DCSIMG

We Are Snook launches local business scheme

We Are Snook managing director Lauren Currie. Picture: Robert Perry

We Are Snook managing director Lauren Currie. Picture: Robert Perry

  • by ERIKKA ASKELAND
 

A COMPANY run by two 26-year-old women aims to save Scotland’s high streets with a “collaborative” approach to filling empty shops.

We Are Snook, a Glasgow-based service design agency, has piloted a project in Stirling called Start Up Street, which sources business ideas from local residents and finds shops they can use to get them going. Managing director Lauren Currie aims to see similar projects established across other towns and cities across Scotland.

Currie said: “We want to roll it out across every town in Scotland. We have designed a blueprint that enables people to fill empty shops easily with an idea they have. They don’t have to be Alan Sugar or a Michelle Mone to run a business. There are a lot of good ideas, but the question is how do you turn that idea into a ­reality.”

So far, the project is small and involves a variety of partners, including Architecture and Design Scotland, Stirling Council and Ice Cream Architecture. One shop unit has been filled with a retail outlet, Made In Stirling, which offers locally produced art. The project has secured a further three empty shop units.

Many of the people involved in establishing their ideas in the shops are young people. “It also challenges the whole notion of ‘what is a shop’,” said Currie. “Spaces on the high street are now going to be more focused on people coming in to do stuff. And we need the youth to come design it with us.”

She added that while the landlords of the property don’t get a return in terms of rent, the project provides benefits for them. She argues that it stems further declines affecting property values on otherwise struggling high streets.

“It is about getting the landlords together and saying if you do this it will be better for the town’s economy,” Currie said. “There will be higher footfall and more money changing hands. It might look like a loss at first, but if you dig deeper it makes economic sense.”

Having worked on a series of projects with local authorities, universities and Tayside Police, Currie says the company’s mission this year is to increase its clients in the private sector.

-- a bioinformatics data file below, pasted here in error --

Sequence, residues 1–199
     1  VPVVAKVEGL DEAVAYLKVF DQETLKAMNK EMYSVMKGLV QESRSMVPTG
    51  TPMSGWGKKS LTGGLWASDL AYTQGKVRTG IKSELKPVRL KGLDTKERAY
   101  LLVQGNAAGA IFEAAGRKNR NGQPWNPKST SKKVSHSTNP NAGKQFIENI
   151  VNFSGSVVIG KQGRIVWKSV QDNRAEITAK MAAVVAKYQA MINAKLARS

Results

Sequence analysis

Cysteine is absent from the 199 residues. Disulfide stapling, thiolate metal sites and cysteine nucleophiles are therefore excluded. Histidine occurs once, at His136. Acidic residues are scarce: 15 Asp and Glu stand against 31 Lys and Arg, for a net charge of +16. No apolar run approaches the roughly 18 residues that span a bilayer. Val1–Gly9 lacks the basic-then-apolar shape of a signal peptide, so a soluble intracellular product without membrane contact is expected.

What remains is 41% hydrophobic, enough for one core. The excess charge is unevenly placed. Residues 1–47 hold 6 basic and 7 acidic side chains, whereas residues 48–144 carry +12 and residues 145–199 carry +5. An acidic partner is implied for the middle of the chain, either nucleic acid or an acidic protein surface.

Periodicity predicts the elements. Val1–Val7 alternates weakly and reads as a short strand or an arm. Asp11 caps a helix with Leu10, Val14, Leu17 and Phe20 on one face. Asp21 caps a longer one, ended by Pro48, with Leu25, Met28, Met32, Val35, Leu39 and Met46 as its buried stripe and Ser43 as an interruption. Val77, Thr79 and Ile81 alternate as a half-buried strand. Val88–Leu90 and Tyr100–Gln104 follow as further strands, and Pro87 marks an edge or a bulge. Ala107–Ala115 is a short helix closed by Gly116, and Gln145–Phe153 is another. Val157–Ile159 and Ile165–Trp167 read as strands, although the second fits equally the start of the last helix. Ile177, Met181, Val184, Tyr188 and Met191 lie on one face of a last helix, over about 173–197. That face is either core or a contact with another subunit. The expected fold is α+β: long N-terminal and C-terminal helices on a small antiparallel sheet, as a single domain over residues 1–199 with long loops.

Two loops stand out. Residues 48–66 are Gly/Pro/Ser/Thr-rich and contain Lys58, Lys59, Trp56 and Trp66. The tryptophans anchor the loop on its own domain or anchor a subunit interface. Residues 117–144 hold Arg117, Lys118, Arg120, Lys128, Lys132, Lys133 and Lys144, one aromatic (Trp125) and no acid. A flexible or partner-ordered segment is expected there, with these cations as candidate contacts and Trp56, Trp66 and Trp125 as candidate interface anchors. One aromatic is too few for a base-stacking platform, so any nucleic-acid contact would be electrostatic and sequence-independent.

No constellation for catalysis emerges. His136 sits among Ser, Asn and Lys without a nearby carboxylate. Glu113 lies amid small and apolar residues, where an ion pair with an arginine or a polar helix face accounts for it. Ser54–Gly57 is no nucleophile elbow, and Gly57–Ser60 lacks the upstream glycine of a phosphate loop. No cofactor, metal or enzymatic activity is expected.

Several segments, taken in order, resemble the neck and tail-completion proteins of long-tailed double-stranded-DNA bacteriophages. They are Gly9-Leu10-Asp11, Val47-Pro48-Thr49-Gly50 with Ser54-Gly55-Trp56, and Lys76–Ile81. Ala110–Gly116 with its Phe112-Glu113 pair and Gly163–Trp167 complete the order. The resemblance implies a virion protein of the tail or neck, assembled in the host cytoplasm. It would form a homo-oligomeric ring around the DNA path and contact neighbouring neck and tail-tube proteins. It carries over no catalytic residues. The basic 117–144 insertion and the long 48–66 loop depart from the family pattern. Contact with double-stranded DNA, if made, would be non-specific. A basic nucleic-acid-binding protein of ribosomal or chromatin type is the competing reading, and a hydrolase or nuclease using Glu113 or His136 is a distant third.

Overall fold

One project that the firm has designed, called The Matter, has been used by local authorities to consult young people. The project works by enlisting 16-24-year-olds to conduct market research among their peers, and they produce a newspaper which is then presented to the client by the youngsters. Currie said the company is in talks to sell the service to an internet retailer.

When she graduated from the University of Dundee with a Masters of Design, Currie wanted to design products – “the next James Dyson,” she said. But she realised the same principles which led to the creation of the market-leading vacuum cleaner could be applied to services provided by organisations from local councils to banks and utilities. She found a business partner, ­Sarah Drummond, and launched Snook three years ago.

“A lot of it is about idea generation and how you test those ideas with normal members of the public. We call it prototyping. We want to build a prototyping lab inside the Scottish Government, so that any one with a policy can test it – with Lego and bits of paper. That is where the creative process is.

“The utilities sector is crying out for this kind of stuff. They are trying to understand how vulnerable people budget and how they pay their bills. They design websites and leaflets, but they need to be joined up. We are keen to have conversations in the utilities sector and the retail sector to say there is a process to these things.”

 

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